by Natalie Finn | Tue., Mar. 27, 2018 6:00 AM
There's nothing too exceptional about that, it's a pretty normal state of affairs. But the photographic evidence of Knox living a normal life is quietly remarkable when you remember that a decade ago she was in an Italian prison awaiting trial on murder charges.
Overall she spent four years locked up, from being arrested in 2007, through being convicted of her roommate Meredith Kercher's murder in 2009 and until she was released on Oct. 3, 2011, her conviction overturned on appeal. The Seattle native was back in Washington by the following afternoon. She returned school and wrote a book about her experience, 2013's, Waiting to Be Heard: A Memoir.
Then, in 2014, she was retried in absentia, found guilty and sentenced to 28 1/2 years in prison.
All the while, Knox's story captivated a mass audience: 20-year-old kid studying abroad, accused with her Italian paramour of brutally murdering her British roommate in what, according to wild tabloid speculation spurred on by local authorities, looked like some sort of sexual game or cult ritual gone wrong—a crime perhaps masterminded by the brash American vixen, "Foxy Knoxy," the "sphinx of Perugia." Even if it wasn't of murder, the quirky college student who enjoyed having a good time was presumed guilty of something. Of being too cold, too promiscuous, too inscrutable to be truly innocent. What's innocent, anyway?
As Knox herself noted in the eponymous 2016 Netflix documentary about the case, the read on her has been split down the middle almost from the beginning.
Her long international nightmare wasn't officially over until March 27, 2015, when Italy's highest court, the Supreme Court of Cassation, vacated her conviction. She was finally free.
"The knowledge of my innocence has given me strength in the darkest times of this ordeal," Knox, then 27, said in a statement. "And throughout this ordeal, I have received invaluable support from family, friends and strangers. To them, I say: Thank you from the bottom of my heart. Your kindness has sustained me. I only wish that I could thank each and every one of you in person."
The saga wasn't Knox's alone, of course.
Raffaele Sollecito, an Italian whom Knox had been dating when Kercher was killed, was also convicted and and then found not guilty—then rearrested and convicted again—and exonerated by the high court three years ago along with Knox. Rudy Guede, an Ivory Coast native whom Knox remembered seeing hanging out with her downstairs neighbors, was convicted of killing Kercher while "acting with others" in 2008. Guede, who's serving a 16-year prison sentence, maintains his innocence but last year his final appeal for a new trial was rejected.
And there's Meredith Kercher, the murder victim who was just as soon relegated to a bit player in the Amanda Knox drama. "The Kerchers will handle this as they always have, with respect, but it is a difficult moment for them," her family's attorney Francesco Maresca told reporters in 2015. "But they are ready to end the legal battle and start remembering Meredith outside the courtroom."
"Meredith was my friend," Knox said. "She deserved so much in this life. I'm the lucky one." She paid tribute to Kercher on the 10th anniversary of her murder in November, writing on her blog, as someone who doesn't take the concept of normalcy lightly, that she most remembered the "beautiful, banal moments we shared in the weeks we lived side-by-side." Lugging their groceries home. Sipping espresso. Sunbathing on the terrace of their hilltop villa where they were renting rooms for the year.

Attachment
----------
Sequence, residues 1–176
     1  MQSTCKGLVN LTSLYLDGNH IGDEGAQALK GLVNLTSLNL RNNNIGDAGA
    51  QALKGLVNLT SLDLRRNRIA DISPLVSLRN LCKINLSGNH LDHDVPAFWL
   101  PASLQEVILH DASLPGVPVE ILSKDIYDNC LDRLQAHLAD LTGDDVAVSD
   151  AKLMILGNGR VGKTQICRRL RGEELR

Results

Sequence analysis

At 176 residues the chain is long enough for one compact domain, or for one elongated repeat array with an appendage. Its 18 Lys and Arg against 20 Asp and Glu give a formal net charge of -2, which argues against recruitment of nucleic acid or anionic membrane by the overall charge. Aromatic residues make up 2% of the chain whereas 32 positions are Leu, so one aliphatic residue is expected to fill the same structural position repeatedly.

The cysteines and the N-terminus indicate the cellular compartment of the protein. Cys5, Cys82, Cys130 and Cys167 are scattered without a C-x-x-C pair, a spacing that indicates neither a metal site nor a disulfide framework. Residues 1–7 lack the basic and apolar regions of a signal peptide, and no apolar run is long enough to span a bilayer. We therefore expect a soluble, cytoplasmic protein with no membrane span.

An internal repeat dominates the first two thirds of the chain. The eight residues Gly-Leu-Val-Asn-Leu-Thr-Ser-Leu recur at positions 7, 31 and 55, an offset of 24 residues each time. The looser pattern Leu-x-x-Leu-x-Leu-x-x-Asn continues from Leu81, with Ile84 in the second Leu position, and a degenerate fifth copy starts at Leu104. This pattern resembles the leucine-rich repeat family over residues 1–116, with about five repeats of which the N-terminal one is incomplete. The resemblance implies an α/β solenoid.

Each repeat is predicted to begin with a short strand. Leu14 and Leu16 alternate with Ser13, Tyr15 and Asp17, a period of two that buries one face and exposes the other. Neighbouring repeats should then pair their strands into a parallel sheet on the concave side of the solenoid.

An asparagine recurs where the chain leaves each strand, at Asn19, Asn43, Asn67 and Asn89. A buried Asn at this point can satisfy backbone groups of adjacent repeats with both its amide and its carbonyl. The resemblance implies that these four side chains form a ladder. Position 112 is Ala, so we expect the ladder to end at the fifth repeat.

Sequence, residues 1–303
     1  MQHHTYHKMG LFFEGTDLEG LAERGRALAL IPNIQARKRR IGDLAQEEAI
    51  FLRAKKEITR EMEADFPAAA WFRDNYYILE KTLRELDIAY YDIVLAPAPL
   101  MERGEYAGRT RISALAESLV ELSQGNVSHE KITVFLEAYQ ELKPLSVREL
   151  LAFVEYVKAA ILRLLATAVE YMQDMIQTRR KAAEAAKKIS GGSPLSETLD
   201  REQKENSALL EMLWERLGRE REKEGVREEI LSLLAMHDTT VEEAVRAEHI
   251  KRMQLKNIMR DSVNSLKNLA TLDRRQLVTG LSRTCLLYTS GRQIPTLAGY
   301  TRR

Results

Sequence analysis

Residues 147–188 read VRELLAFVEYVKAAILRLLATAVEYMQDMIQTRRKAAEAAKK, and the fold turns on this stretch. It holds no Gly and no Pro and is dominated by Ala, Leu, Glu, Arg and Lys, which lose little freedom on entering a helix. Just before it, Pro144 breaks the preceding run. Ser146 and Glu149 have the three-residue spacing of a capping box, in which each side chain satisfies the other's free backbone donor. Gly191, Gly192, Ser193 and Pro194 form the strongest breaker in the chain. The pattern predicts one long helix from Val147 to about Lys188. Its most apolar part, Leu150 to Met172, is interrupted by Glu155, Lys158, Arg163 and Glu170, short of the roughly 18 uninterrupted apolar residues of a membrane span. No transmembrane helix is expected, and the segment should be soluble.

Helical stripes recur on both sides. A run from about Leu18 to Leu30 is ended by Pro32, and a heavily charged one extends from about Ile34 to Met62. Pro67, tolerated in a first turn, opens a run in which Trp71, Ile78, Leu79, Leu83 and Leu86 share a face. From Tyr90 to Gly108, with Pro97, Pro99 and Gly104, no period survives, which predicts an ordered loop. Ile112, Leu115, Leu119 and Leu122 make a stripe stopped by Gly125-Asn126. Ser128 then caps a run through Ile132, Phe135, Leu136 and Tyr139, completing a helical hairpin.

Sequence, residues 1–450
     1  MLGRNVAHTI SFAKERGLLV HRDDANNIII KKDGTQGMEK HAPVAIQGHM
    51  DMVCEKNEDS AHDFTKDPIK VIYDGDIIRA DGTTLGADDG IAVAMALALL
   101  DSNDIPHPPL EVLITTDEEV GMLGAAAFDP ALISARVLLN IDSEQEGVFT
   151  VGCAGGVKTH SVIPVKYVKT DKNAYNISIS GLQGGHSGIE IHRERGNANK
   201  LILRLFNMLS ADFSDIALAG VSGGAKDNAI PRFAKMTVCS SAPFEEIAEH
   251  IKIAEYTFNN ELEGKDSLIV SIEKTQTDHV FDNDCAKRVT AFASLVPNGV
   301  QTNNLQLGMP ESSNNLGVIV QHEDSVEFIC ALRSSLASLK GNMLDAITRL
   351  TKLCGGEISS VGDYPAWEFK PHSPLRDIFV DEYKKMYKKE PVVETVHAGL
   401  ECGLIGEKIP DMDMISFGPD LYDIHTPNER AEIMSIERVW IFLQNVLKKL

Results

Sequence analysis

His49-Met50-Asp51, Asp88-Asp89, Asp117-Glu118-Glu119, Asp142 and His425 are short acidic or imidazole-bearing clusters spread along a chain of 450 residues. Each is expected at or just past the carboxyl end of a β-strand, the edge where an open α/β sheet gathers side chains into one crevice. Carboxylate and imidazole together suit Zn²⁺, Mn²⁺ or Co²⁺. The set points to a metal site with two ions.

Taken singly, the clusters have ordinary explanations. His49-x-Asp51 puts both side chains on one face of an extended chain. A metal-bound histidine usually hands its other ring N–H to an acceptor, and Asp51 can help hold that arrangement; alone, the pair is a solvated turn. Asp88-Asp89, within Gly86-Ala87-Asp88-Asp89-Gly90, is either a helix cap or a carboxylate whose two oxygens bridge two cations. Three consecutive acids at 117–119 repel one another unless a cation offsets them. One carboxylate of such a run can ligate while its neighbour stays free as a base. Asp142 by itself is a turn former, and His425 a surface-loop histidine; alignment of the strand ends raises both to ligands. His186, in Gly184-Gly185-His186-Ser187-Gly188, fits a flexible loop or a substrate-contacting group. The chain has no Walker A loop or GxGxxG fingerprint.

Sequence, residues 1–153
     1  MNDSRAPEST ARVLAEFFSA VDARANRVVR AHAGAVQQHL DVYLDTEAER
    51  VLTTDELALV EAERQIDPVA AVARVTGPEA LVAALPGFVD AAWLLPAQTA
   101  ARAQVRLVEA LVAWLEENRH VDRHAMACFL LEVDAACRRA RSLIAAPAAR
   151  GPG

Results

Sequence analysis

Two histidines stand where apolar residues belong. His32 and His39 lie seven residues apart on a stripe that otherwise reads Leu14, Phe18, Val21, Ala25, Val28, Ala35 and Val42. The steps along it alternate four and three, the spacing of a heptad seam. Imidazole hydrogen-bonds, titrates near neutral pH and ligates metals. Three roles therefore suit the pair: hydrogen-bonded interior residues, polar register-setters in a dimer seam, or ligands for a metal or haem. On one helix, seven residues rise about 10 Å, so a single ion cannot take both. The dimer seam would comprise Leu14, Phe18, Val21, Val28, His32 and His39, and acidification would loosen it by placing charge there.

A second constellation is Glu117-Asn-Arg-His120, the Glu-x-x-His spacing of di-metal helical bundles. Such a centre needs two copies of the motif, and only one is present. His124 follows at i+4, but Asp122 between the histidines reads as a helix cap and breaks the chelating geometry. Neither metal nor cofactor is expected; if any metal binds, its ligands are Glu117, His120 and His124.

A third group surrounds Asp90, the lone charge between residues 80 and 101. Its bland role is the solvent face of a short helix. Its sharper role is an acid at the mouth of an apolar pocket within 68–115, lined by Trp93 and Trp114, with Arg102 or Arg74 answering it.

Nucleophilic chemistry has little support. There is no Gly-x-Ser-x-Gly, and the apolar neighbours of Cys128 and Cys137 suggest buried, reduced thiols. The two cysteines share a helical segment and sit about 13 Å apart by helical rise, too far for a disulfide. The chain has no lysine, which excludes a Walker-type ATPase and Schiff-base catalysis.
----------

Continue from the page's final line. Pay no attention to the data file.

The young women had known each other for a month and a half, with Kercher having moved into their flat in Perugia, which they shared with two other female housemates, 10 days before Knox. They were fast friends who came from similar backgrounds—middle class, divorced parents, self-starters who worked hard to make their dream of studying abroad in Italy a reality.
"I could already see us keeping in touch by email when our year abroad was over," Knox wrote in her book.
Kercher was sexually assaulted and killed on Nov. 1, 2007, All Souls' Day in Italy. The next morning, coming home, Knox saw drops of blood on the floor and an unflushed toilet in the bathroom, an indicator that someone else was home. Later that day, police found Kercher's body and questioned Knox, who said she hadn't been alarmed by Kercher's door being locked when she looked for her earlier. She accused a local bartender of being involved, further muddying the waters. On Nov. 6, Knox and Sollecito, whom she'd just met at a concert on Oct. 25 and fallen head over heels for, were arrested. They were in jail for 11 months before charges were filed.
"We spent four years in a circle of hell, we suffered unspeakably and it ruined our lives," Sollecito, whose journey mirrored Knox's minus the morbid celebrity status she was awarded on day one, told Oggi magazine in October 2011 upon their release from prison on appeal.
At the time, Knox's father, Curt Knox, said that his daughter was adjusting well to being back home—since her return to the States weeks earlier, she had been photographed with her old college friend Madison Paxton and going for a drive with stepfather Chris Mellas, but still mostly stayed inside, for her safety and to avoid the media. They had received hate mail and threatening phone calls at the house, Curt told the Daily Mail, and Knox went places with a bodyguard.
It would've been easy to understand if Knox also considered her life to be ruined. She would forever be linked to a terrible crime, no matter what. There would always be people who think she more or less got away with murder.
And at one point Amanda Knox certainly did feel, from her isolated days in jail to the unforgettable sound of her being found guilty—"colpevole!"—and the clanging of the prison bars behind her, that life as she knew it was over.